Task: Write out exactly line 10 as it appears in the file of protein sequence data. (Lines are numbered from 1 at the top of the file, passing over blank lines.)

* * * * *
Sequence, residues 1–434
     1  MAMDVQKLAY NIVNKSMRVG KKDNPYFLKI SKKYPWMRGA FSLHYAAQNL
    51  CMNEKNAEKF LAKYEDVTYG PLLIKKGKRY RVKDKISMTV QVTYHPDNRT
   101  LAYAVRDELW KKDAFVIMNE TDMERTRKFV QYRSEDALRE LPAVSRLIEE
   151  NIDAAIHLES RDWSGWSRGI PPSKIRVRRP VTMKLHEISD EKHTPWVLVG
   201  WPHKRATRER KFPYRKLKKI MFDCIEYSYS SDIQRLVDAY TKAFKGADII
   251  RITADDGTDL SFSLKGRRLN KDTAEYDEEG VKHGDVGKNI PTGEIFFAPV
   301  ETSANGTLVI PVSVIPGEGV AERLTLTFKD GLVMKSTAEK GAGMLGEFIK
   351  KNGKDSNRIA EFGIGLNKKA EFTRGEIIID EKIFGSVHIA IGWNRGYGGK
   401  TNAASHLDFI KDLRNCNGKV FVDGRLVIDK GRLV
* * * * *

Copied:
   401  TNAASHLDFI KDLRNCNGKV FVDGRLVIDK GRLV